And to set a trap for me, Plex realized.  If I go dashing in guards will come out of hiding from behind me and grab me before I can do anything.  

Now that he’d had the thought, Plex could hear and smell the guards in hiding that he should have noticed before.  They were very well concealed but he could her them shuffling in place and smell the sweat on their brows.  Plex moved further into the shadow he was crouched in just as the first of the swordsmen reached the entrance to the practice field.

There was nothing Plex could do but watch as the guards began their task of searching the field and the facility and turning everything inside out.  He needed to get out of there.  Vinyard had been right.  But he wasn’t sure he could leave without being spotted.  Plex needed the hidden guards to make the first move.  

He fervently hoped that Baclem wouldn’t hear the commotion and come bumbling in.  If they moved to intercept the troll, Plex would have to intercede.  Baclem was there to help.  It wasn’t help that Plex had asked for but that didn’t matter.  Often that was the kind of help that needed to be honored the most.  So far, though, Baclem had either learned to be much quieter or had listened and was staying where Plex had left him.

A small gust of breeze suddenly shifted through the alley and the smell of the guards became much stronger.  They’d snuck up behind him.  Plex rolled backwards, towards the source of the smell, hoping to catch them off-guard, and swung out with his sword at the same time.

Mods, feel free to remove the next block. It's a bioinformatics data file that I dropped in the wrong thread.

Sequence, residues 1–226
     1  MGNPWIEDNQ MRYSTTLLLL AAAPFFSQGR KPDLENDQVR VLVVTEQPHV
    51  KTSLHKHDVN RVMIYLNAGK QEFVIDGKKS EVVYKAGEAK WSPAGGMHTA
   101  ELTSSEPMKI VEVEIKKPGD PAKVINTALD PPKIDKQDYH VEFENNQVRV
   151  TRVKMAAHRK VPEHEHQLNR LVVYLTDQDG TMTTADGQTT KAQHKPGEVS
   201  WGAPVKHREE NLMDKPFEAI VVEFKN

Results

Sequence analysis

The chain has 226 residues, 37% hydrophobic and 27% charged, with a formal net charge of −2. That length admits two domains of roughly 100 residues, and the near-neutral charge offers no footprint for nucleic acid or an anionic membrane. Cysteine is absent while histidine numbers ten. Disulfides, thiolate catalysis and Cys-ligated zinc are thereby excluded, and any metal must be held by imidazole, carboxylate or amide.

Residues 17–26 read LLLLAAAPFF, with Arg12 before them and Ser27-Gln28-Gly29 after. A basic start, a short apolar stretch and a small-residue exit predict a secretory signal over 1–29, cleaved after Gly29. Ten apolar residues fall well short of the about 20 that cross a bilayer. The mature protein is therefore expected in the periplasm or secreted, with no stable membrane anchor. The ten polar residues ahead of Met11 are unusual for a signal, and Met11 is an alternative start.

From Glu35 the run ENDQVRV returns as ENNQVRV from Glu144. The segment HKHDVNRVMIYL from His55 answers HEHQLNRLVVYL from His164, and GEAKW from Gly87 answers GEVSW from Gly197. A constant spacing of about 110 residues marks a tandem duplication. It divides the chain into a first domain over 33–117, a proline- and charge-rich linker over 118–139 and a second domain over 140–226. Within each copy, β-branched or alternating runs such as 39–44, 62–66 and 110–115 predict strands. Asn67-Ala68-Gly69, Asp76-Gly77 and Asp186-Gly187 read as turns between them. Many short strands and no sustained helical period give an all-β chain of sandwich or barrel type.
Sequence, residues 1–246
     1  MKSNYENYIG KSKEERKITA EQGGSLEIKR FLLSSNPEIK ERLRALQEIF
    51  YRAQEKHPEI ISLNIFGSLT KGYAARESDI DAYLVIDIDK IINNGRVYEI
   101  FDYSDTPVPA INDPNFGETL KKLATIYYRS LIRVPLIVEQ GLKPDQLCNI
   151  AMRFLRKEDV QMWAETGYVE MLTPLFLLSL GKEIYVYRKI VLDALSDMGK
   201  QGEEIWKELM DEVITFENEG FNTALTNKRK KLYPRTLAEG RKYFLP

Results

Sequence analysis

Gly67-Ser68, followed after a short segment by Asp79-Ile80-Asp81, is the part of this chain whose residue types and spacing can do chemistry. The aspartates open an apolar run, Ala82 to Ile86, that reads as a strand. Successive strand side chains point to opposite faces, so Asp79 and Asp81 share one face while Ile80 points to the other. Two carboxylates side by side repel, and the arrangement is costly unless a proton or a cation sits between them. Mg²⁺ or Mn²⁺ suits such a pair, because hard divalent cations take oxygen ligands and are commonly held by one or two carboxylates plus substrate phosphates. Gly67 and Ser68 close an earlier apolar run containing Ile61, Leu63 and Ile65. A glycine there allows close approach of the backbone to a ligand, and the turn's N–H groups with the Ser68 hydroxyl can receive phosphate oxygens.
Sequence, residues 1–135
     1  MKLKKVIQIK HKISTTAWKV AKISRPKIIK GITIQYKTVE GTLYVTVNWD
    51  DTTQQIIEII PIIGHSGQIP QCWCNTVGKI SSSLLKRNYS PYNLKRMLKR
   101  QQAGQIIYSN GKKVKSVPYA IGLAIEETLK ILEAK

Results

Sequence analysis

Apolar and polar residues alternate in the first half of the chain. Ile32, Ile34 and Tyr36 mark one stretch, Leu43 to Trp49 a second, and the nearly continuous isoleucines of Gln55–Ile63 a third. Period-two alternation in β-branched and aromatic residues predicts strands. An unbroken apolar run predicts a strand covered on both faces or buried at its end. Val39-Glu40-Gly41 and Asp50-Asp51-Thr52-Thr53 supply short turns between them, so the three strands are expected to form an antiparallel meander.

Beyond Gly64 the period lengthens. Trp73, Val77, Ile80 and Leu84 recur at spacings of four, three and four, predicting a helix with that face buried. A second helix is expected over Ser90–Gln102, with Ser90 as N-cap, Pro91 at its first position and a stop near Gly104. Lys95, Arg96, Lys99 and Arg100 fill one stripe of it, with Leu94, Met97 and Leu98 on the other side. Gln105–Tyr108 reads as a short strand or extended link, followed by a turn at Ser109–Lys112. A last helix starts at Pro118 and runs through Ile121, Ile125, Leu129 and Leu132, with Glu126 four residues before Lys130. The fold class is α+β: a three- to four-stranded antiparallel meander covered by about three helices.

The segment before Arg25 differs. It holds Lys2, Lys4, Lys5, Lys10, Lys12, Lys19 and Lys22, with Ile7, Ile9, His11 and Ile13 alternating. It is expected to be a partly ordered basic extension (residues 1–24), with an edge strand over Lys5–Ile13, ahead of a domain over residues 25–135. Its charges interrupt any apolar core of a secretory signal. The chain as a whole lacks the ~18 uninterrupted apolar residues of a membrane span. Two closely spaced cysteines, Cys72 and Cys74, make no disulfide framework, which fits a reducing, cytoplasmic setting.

A spear smashed into the ground where h’d been crouched and his sword sliced the arm off of the elf who had wielded the spear, even as Plex collided with the guard.  Then all became a jumbled mess of flailing limbs and screaming for a moment.  Plex tried to silence the injuried elf as quickly as possible but it took longer than he would have liked before he could steady himself and plunge his sword through the wounded guardsman’s neck, cutting the cry instantly.

Back on his feet again, Plex could hear steps running towards him from the direction of Gilania’s training facility.  The rest of the guards were coming.  He needed to flee or he would surely be captured and taken before the dragon.  Sprinting back towards where he’d left Baclem, he came up short, as two more guards stepped in front of him. One was an orc, the other an ogre. Individually, he had no doubt that he could best either of them quickly. Together, he might triumph, but not quickly enough to avoid the rest of the guards coming his way.

Before Plex could make a move against either of them, the orc went flying away. Baclem turned and grabbed onto the ogre’s sword before it had a chance to bring the weapon against him. Plex leapt forward to help the troll out. While the two larger creatures wrestled over the ogre’s sword, Plex shoved his blade up underneath the ogre’s armpit, where the armor didn’t cover. The ogre howled in pain and dropped to the ground. 

Baclem moved in to finish it off, but Plex grabbed his wrist and shouted, “No time!”